Chapman Tripp comments
While anti-dumping duties may be imperfect, any reform of the anti-dumping regime needs to be careful to ensure a fair competitive platform for New Zealand manufacturers. Relaxing the anti-dumping test will make it harder for New Zealand manufacturers to withstand price undercutting from low-cost importers.

Even if we choose reform, the two MBIE proposals are quite different, and their policy goals and potential consequences will need to be carefully thought through. For example, the public interest test is far more fluid than the existing regime. It potentially gives elected Ministers a much greater role in deciding which industries to protect. The thresholds, while appearing more “certain”, are likely to be hard to draft and may deprive the Government of future flexibility.

We encourage local industries and importers to participate in the consultation.

ENDS

© Scoop Media

 
 
 
 
 
Parliament Headlines | Politics Headlines | Regional Headlines

 

Also, Loan Interest: Productivity Commission On Tertiary Education

Key recommendations include better quality control; making it easier for students to transfer between courses; abolishing University Entrance; enabling tertiary institutions to own and control their assets; making it easier for new providers to enter the system; and facilitating more and faster innovation by tertiary education providers... More>>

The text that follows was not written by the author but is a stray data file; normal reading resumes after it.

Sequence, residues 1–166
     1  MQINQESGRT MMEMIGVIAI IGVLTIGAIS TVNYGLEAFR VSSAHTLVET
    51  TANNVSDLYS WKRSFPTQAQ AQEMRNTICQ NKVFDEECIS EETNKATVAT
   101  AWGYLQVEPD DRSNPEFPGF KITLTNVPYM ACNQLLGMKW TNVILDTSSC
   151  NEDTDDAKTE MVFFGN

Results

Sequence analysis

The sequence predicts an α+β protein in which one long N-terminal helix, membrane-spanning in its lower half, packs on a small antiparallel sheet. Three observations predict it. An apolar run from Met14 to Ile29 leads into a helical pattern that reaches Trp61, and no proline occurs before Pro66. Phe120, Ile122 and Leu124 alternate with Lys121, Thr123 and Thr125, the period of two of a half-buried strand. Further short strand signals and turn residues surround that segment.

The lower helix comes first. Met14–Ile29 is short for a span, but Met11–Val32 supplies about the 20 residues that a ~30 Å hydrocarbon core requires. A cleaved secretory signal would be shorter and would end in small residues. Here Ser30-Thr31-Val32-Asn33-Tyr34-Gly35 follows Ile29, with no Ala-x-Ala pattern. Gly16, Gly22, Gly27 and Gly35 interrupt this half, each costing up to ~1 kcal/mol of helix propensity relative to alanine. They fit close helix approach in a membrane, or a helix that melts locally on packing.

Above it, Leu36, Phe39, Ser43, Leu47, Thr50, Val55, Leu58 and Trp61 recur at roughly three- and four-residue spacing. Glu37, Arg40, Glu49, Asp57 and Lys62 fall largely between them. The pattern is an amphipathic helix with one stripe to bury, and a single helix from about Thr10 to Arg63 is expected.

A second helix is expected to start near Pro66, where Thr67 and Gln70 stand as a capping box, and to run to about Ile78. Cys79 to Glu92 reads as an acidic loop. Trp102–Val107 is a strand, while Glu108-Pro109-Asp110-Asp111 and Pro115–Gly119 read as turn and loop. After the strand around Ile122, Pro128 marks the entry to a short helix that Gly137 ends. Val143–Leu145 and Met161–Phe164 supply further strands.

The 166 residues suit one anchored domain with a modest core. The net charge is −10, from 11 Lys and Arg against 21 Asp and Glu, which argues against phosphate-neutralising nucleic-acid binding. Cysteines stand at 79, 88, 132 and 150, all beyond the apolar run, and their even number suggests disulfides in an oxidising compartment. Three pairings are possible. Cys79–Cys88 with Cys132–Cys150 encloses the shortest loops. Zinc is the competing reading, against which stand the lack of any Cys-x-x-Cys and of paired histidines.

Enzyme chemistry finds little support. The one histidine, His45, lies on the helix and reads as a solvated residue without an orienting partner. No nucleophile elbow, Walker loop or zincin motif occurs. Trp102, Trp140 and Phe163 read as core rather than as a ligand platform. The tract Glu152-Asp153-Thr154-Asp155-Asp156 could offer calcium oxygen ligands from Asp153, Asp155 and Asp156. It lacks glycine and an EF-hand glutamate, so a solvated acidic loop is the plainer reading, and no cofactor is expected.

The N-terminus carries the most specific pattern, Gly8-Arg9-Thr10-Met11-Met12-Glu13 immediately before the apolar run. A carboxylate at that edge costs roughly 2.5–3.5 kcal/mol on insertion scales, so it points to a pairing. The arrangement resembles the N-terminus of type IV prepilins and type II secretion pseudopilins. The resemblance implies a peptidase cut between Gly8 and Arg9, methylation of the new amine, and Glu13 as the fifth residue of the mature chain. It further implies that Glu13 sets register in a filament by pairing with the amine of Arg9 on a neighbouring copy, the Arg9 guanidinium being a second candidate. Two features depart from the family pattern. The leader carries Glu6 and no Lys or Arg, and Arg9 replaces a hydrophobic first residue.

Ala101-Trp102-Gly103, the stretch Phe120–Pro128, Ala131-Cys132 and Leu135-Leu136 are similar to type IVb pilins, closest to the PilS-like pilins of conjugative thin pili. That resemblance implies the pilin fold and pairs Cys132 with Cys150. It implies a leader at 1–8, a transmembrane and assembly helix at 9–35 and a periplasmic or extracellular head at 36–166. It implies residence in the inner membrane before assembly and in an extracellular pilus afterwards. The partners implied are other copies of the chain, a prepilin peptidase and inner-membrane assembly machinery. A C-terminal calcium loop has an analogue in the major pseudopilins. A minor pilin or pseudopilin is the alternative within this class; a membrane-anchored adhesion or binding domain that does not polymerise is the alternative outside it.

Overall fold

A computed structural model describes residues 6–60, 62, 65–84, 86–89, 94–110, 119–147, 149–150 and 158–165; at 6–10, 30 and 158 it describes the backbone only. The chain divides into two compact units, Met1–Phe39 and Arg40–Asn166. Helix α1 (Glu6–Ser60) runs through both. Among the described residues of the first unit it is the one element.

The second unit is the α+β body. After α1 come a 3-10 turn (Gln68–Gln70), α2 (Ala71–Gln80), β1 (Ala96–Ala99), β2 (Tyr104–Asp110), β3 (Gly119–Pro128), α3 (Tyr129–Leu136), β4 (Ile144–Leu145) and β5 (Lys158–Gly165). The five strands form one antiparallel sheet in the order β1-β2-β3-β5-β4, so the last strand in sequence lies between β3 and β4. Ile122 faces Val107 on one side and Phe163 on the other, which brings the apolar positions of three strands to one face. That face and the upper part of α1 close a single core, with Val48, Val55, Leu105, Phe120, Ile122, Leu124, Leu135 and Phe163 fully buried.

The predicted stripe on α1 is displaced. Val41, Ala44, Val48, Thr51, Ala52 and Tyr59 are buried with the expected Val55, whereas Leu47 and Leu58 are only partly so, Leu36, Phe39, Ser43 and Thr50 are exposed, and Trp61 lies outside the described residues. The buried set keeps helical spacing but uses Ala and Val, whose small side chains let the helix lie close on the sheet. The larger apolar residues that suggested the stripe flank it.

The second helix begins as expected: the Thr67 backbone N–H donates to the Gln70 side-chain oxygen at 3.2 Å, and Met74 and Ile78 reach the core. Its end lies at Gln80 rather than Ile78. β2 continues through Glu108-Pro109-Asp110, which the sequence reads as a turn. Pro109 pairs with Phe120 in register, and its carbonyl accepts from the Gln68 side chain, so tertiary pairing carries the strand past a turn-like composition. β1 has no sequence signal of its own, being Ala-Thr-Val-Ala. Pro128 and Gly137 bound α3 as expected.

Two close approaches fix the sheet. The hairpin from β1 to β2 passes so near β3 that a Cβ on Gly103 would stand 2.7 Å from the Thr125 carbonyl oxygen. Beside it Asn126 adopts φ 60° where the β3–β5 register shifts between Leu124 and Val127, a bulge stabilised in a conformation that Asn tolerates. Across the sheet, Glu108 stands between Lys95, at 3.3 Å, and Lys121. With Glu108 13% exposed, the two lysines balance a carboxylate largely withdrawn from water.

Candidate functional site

ALSO:

Higher Payments: Wellington Regional Council Becomes A Living Wage Employer

Councillor Sue Kedgley said she was delighted that the Wellington Regional Council unanimously adopted her motion to become a Living Wage employer, making it the first regional council in New Zealand to do so. More>>

ALSO:

Scoop Images:
Dame Patsy Reddy Sworn In As Governor-General

This morning Dame Patsy Reddy was sworn in as the New Zealand Realm’s 21st Governor-General. The ceremony began with a pōwhiri to welcome Dame Patsy and her husband Sir David Gascoigne to Parliament. More>>

ALSO:

Ruataniwha: DOC, Hawke's Bay Council Developer Take Supreme Court Appeal

The Department of Conservation and Hawke's Bay Regional Investment Company (HBRIC) are appealing to the Supreme Court over a conservation land swap which the Court of Appeal halted. More>>

ALSO:

With NZ's Marama Davidson: Women’s Flotilla Leaves Sicily – Heading For Gaza

Women representing 13 countries spanning five continents began their journey yesterday on Zaytouna-Oliva to the shores of Gaza, which has been under blockade since 2007. On board are a Nobel Peace Laureate, three parliamentarians, a decorated US diplomat, journalists, an Olympic athlete, and a physician. A list of the women with their background can be found here. More>>

Gordon Campbell: On The Key Style Of Crisis Management

At Monday’s post Cabinet press conference Key was in his finest wide- eyed “Problem? What problem?” mode. No, there wasn’t really a problem that top MPI officials had been at odds with each other over the meaning of the fisheries policy and how that policy should be pursued... More>>

ALSO:

Mt Roskill: Greens Will Not Stand In Likely Post-Goff By-Election

“The Green Party’s priority is changing the Government in 2017, and as part of that we’ve decided that we won’t stand a candidate in the probable Mt Roskill by-election... This decision shows the Memorandum of Understanding between Labour and the Green Party is working." More>>

ALSO:

Get More From Scoop

 

LATEST HEADLINES

 
 
 
 
 
 
 
 
 
Politics
Search Scoop  
 
 
Powered by Vodafone
NZ independent news